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Taguba is called a straight arrow

Sun National Staff

WASHINGTON - Until last week, Antonio M. Taguba was known mainly for being the second Filipino-American to become a general in the U.S. Army. Now, he is known as the man whose scathing report on detainee abuse at the Abu Ghraib prison ignited a firestorm.

Taguba's 53-page document details widespread abuse of Iraqi prisoners at the hands of American soldiers, including descriptions of sodomy, simulated sex and other humiliations.

The report by the 53-year-old major general has been thrust into blanket coverage by newspaper and television news outlets worldwide.

Taguba, who is based in Kuwait, could not be reached for an interview. A relative said the Army had asked Taguba's family not to speak with reporters.

But to others who know him, Taguba's blunt and forthright criticism of a department to which he has devoted his life comes as little surprise. Associates say he is deeply committed to the Army and to the idea of taking personal responsibility in matters of right and wrong.

Joyce Raezer, director of government relations for the National Military Family Association, recalled meeting Taguba in 2000, after he took over as commanding general of the Army's Community and Family Support Center, which serves families on military bases.

"He cares deeply about doing the right thing, and it always showed," Raezer said. "If you wanted a job done, he was the one to do it."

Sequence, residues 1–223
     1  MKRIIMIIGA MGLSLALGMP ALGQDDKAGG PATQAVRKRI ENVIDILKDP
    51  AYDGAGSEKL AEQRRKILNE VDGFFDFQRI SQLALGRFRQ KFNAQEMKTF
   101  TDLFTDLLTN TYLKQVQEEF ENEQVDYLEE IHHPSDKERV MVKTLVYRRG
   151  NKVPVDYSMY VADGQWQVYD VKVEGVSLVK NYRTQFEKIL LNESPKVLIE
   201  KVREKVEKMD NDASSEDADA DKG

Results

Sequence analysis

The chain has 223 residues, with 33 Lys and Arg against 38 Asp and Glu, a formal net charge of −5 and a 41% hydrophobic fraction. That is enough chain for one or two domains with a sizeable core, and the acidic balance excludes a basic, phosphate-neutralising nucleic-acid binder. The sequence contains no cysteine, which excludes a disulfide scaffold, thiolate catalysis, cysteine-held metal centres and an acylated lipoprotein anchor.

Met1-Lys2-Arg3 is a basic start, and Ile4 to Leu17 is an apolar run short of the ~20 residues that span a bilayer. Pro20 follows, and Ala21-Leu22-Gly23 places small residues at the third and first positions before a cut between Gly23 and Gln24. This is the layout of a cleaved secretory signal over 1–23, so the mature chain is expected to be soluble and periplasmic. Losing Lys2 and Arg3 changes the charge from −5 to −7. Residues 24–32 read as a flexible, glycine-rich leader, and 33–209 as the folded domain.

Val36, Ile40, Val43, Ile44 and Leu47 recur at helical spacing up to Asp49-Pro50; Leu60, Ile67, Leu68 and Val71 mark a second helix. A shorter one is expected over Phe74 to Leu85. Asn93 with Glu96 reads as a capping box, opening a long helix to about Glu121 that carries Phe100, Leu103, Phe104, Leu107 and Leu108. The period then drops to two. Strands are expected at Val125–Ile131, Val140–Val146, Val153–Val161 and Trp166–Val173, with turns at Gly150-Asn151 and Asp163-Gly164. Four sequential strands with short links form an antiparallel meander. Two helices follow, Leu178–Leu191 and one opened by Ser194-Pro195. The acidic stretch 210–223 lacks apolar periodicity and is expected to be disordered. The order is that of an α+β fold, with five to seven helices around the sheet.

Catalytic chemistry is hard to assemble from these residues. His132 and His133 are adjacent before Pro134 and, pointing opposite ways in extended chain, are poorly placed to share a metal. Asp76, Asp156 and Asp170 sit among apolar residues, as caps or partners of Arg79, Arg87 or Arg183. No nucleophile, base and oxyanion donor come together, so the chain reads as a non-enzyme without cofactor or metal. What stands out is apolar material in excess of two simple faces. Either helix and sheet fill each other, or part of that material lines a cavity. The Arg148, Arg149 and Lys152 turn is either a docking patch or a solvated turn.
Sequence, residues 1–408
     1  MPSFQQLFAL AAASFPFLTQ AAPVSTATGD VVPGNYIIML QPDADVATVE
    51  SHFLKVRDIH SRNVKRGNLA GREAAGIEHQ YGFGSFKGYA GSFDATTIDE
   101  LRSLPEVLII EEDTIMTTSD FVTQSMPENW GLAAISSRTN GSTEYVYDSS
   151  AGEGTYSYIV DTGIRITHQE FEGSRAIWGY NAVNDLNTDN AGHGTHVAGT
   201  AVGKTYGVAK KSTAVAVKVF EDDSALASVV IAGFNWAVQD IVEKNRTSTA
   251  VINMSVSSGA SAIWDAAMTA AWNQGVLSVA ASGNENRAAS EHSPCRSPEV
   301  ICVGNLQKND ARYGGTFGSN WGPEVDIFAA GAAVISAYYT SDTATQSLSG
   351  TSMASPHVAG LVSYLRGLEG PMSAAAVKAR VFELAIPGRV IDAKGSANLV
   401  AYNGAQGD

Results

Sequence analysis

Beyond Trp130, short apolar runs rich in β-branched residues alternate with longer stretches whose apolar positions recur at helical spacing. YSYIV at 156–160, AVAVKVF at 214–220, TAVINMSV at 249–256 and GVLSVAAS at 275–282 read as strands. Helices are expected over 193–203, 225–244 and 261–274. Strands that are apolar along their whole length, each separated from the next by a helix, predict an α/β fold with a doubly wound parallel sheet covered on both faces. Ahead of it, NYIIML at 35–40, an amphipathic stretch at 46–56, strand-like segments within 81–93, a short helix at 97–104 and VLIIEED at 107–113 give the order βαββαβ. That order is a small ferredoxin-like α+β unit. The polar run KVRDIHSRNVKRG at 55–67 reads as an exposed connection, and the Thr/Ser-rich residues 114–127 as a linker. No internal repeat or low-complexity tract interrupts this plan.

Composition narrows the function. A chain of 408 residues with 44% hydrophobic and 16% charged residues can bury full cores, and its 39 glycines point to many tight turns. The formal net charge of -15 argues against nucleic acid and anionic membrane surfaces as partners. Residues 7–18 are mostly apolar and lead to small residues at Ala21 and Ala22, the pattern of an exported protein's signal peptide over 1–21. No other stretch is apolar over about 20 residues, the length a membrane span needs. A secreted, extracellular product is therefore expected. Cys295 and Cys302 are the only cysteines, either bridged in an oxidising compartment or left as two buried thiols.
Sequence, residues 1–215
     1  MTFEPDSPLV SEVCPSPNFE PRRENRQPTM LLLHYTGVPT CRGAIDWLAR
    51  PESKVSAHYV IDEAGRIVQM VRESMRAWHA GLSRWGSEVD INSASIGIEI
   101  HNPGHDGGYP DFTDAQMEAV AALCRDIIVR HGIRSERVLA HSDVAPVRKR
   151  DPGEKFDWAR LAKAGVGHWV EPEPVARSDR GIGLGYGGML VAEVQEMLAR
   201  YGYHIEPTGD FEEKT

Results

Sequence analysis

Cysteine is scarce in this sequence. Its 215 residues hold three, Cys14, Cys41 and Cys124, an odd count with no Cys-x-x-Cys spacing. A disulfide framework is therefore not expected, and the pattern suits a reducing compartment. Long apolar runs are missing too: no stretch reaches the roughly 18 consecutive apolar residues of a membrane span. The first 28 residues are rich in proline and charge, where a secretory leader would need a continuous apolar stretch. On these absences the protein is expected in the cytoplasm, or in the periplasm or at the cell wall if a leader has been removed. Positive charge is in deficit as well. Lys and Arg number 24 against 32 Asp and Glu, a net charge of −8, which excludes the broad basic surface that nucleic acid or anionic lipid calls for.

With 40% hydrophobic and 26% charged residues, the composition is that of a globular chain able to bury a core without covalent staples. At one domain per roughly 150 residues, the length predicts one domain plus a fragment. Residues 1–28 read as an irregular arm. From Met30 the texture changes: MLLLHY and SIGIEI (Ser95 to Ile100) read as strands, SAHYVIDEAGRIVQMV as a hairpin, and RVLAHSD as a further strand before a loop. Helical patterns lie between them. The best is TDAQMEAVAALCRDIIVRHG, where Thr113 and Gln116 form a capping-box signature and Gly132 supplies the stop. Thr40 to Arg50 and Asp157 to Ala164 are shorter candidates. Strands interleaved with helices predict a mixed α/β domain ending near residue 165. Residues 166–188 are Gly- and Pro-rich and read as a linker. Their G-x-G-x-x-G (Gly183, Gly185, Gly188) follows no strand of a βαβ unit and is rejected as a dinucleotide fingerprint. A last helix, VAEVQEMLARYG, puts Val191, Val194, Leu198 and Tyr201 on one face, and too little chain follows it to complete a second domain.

On one issue in particular, the family association was struggling to settle a long-standing problem that involved the logistics of improving education for military children.

"He didn't let the previous history of people saying, 'Oh, that problem's been around forever; you can't fix that' stop him," Raezer said. "He went right up the chain of command and made the situation better."

That straight-ahead style appears still to be guiding Taguba. In his report, he went so far as to criticize the recommendation of another major general, Geoffrey D. Miller, that military police guards serve as "enablers" for prison interrogations.

Military law, Taguba noted, holds that military police not be involved in such activities.

Nor did he mince words in pointing out what he viewed as "egregious acts and grave breaches of international law," knowing full well that he was accusing his own country of violating the Geneva Conventions.

A native of the Philippines who moved to Hawaii at age 11, Taguba is no stranger to painful and personal stories of military abuse. According to an account in the Honolulu Star-Bulletin, his father, Tomas, served during World War II, driving food and ammunition to troops in the Philippines. In 1942, when the islands were attacked by the Japanese, Tomas Taguba was captured and taken prisoner.

Forced to endure the infamous Bataan death march, Tomas Taguba managed to escape. He joined an underground movement, secretly reporting on Japanese troop locations.

Taguba's own 32-year military career hints at a man honored by the opportunities opened to him as he climbed the ranks. When he was promoted to general in 1997, he told AsianWeek that he was "humbled," saying, "Diversity gave me a wide range to seek opportunities and to relate to other people."

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